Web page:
The world got a present on Christmas Eve, when an international treaty to limit the sale of weapons to warlords and terrorists went into effect. The Arms Trade Treaty (ATT) aims to limit the number of civilians slaughtered around the world by requiring any country that sells weapons to establish the same kind of export criteria that the U.S. and other Western democracies have in place. It has been signed by 130 countries and ratified by 60, ten more than it needed to become effective. When the U.N. General Assembly put it to a vote last year, only three countries opposed the treaty outright: North Korea, Syria, and Iran.
While the Obama administration has signed the treaty, there is no chance it will get the 67 votes needed for Senate ratification. In October 2013, 50 senators sent the president a letter expressing their opposition to the ATT. They included every Republican except Mark Kirk, and five Democrats—Joe Manchin, Mark Pryor, Mark Begich, Mary Landieu and Kay Hagen. (Manchin was the only one of the Democrats who was not up for reelection last month, and all four that were lost.) So the Republicans stand together with the Axis of Evil 2.0 because the National Rifle Association opposes the treaty. The NRA sees it as a potential threat to gun ownership because it does not explicitly provide a guarantee of the “American people’s rights under the Second Amendment.”
In the Senate’s first two centuries, it approved more than 1,500 treaties. It rejected only 21; another 85 were withdrawn because the Senate did not take action on them. A treaty that is not approved, rejected, or withdrawn remains in limbo. At present, there are 36 treaties awaiting action by the Senate, dealing with everything from the protection of albatrosses to the testing of nuclear weapons.
While protecting waterfowl might seem like something reasonable people could agree upon, apparently no issue is too small for the foes of the imaginary threat of a world government. There are more serious questions not being addressed, however, including:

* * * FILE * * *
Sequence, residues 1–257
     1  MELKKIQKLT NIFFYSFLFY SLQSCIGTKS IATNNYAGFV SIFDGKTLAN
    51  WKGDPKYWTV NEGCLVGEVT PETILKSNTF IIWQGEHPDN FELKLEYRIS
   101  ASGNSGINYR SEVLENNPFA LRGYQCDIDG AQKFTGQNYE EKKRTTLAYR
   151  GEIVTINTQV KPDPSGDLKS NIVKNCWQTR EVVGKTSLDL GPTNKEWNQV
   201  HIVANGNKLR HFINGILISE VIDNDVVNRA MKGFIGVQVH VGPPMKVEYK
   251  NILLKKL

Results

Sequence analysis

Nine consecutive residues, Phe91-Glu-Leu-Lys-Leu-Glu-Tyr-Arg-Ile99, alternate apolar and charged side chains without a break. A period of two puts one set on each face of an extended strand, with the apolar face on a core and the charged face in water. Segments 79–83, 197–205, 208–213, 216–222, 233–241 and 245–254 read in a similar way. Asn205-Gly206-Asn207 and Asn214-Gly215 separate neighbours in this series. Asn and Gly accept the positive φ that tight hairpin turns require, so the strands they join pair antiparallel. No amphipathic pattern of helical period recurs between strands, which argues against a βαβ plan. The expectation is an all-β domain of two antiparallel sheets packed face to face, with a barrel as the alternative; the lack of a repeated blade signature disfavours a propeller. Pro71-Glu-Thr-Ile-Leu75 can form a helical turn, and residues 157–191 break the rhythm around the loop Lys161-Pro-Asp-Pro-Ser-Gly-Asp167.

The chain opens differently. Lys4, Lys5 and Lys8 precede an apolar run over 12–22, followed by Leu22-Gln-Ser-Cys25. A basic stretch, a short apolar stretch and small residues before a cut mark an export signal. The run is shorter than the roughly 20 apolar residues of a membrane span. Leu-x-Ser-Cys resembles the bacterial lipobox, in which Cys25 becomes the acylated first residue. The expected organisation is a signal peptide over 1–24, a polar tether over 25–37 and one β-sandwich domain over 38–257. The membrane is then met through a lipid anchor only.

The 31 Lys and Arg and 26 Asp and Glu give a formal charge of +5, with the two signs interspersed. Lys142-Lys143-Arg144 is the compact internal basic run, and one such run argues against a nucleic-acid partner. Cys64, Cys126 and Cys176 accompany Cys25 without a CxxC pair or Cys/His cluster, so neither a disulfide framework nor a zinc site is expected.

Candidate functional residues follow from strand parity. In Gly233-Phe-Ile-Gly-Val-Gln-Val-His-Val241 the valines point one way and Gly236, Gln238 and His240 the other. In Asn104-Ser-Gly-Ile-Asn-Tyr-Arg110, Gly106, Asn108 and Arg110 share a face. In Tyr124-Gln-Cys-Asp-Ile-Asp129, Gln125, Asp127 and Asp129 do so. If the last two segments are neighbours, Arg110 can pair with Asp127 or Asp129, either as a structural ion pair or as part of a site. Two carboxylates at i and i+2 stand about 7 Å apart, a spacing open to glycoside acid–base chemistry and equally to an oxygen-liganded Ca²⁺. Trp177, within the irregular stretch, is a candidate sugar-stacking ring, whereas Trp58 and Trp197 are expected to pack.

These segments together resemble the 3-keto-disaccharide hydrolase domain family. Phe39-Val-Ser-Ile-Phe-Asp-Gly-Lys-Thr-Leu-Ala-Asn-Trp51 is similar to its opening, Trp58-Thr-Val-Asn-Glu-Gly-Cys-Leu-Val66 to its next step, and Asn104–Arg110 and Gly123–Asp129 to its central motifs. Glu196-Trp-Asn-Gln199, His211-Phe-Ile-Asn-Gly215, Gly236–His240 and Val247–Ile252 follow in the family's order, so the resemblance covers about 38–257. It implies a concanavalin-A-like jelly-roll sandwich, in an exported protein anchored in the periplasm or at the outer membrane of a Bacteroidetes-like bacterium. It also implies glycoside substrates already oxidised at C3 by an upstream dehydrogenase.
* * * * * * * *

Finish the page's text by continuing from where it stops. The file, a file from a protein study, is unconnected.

—The United States has six tax treaties with over 60 countries to prevent double-taxation and make tax evasion more difficult. Republicans have prevented approval of the six, costing the country billions in lost revenue each year.
—Drafted over thirty years ago, the Law of the Sea Treaty is designed to bring some order to the world’s oceans and lessen the chances for conflict in places like the South China Sea. Ratified by 162 countries and supported by the oil and gas industry, the Pentagon, environmentalists, and past presidents from both parties, it was opposed by Republicans because “no international organization owns the seas."
—The Convention on the Rights of Persons With Disabilities would apply the standards found in American law to other countries. It is supported by veterans’ groups and corporate interests and has been ratified by 141 countries. Home-schoolers and right-to-life groups opposed it, however, believing false claims that it would interfere with their children’s education and increase access to abortion. When it came to a vote two years ago, 38 Republican senators voted nay.
—The Convention on the Rights of the Child, one of the most popular and respected human rights treaties in history, was negotiated during the Ronald Reagan and George H. W. Bush administrations with major American input. The United States may soon be the only country among the 193 members of the U.N. that has failed to ratify it. Opponents argue it would hurt traditional families and the rights of parents.
One of the most frequent criticisms of any treaty is that it undermines American sovereignty. But that is the price of international cooperation. Any relationship, whether between two people or among two hundred countries, requires some limits on what one party can do. Globalization has made such cooperation even more imperative; it is impossible for one nation to deal unilaterally with today’s gravest problems. Even the world’s only superpower cannot ignore that fact.
The term “American exceptionalism” never appeared in any party platform until the election in 2012. It made its debut in the Republican platform that year as an 8,000-word section, devoted to the concept that America holds a unique place and role in human history. If the GOP continues to let paranoia prevent this country’s leadership, or even participation, in addressing the challenges created by an ever-more globalized world, that role in history will be short.